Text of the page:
The Cabinet Division is truly conscious of something called self-esteem. That there are VIPs who need special favours in this people’s republic is something we very conveniently had forgotten, hadn’t we?
Yes, we did wage a war for liberty. We did send our boys from our villages and towns -- and they were part of the poor and middle classes -- to the war.
They came back with the laurels which speak of victory. Our leaders informed us that ours was to be a country where the masses would matter, where elitism would be no more.
That was very long ago.
Those men of wisdom who made us dream of freedom and then led us to liberation are all dead.
The boys who turned into guerrillas and sent the enemy packing have grown old, and many of them have died.
A very large number of those who live, watch in despair and unceasing poverty the many ways in which the old dreams have been driven from our courtyards, thanks to the pernicious growth of bourgeois capitalism.
Yes, that is not the way things should have happened. Didn’t Bangabandhu have our bureaucrats go red in the face when he asked them to step out of their spick-and-span trousers and get into shorts, the better to lend a hand to our peasants in the fields and our workers in the factories and so earn their bread and butter?
Didn’t Tajuddin Ahmad enlighten us on the healthy politics known as socialism, a way of life he promised would underpin our collective destiny?
All that was long, long ago.
The Cabinet Division will not remember those times. Life for us and with it the world around us has changed.
We have had two military dictators making a mess of our lives and our idealism. We have had politicians supplanted by superannuated civilian bureaucrats and retired military officers in parliament.
The idea is outlandish. It is puerile. It is outrageous. It is obscene
Time was when we could stand on the pavements in long queues to see our ministers and our presidents go by.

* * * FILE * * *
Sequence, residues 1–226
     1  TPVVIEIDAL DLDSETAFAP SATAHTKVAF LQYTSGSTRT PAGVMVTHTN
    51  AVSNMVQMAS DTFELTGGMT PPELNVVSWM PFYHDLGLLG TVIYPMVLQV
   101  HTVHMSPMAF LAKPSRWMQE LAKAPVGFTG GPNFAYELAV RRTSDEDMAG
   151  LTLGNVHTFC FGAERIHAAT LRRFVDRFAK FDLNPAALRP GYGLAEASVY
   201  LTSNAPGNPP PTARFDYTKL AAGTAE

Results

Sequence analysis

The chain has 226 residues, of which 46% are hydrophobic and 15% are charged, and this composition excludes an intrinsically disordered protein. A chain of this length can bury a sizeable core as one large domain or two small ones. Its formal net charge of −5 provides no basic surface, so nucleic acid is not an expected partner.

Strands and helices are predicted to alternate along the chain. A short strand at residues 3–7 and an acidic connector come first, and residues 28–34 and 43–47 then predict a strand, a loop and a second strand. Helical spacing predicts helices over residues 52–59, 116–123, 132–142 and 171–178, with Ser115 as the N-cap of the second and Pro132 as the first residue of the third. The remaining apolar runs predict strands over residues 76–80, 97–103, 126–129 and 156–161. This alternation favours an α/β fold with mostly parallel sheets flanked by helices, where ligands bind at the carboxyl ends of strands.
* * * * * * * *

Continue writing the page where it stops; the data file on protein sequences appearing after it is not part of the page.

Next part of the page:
They waved at us and we waved back at them. It was the age of transparency, in that very real sense of the meaning. But, as the men in and around the Cabinet Division will tell you in no uncertain terms, times have changed, perhaps perspectives too have changed.
In a land where robber barons have the upper hand, and where education has ceased to be, where politics is as good as dead, it is time for our VIPs to rise and lead themselves out of the morass, through lanes specially earmarked for them on our clogged streets. Whoever said apartheid was dead, class consciousness was memory?
It is perfectly in order for ambulance and fire service units to be accorded road facilities which will make their work easier.
But VIPs? In a poverty-stricken country (despite all those GDP figures regularly dished out), where there are yet people who lead lives along the edge, on the very margins of society, where have these VIPs emerged from?
Yes, of course, they live in ivory towers of their own, unwilling to connect with the very masses whose taxes give them the pomposity they so crave.
But don’t you spot something of the parasitic here? Think of the hundreds of secretaries, full and additional and joint and deputy, and you know who all those VIPs are.
Think of all those diplomats we send abroad, most of whom are uniquely unqualified to speak for the country in the councils of the world.
Think of our ministers and our parliamentarians we do not see as they go by, for their expensive vehicles are conveniently draped in tinted glass.
We are the huddled masses who wait long hours on the road for the traffic chaos to lift. We wait and watch in fearful silence many of our VIPs bravely taking to the wrong side of the road because they have onerous responsibilities to carry out for the country. They break the law and the law enforcers dare not take them to task.
In a land where connections matter, a VIP can make or break you. Why take risks?
Now those VIPs have, in the infinity of their wisdom, asked the Roads and Highways Division to mark off lanes along our roads for their vehicles to go through. Yes, the idea is outlandish. It is puerile. It is outrageous. It is obscene.
On top of everything, it is a joke. God knows how much we are in need of humour in our lives and, lo and behold! The Cabinet Division comes forth with a crude version of it.
Haven’t you noticed that the Cabinet Division has not spoken of streamlining the roads to make things easier for citizens?
Doesn’t it worry you that it has had little time to dwell on the rising prices of food?
Don’t you see how it stays away from informing the nation on what the government means to do about all these scandals in education and in the banking sector?
VIPs? In this People’s Republic of Bangladesh, to give life to which three million of our compatriots lost their lives? Give us a break, will you?
Syed Badrul Ahsan is a journalist.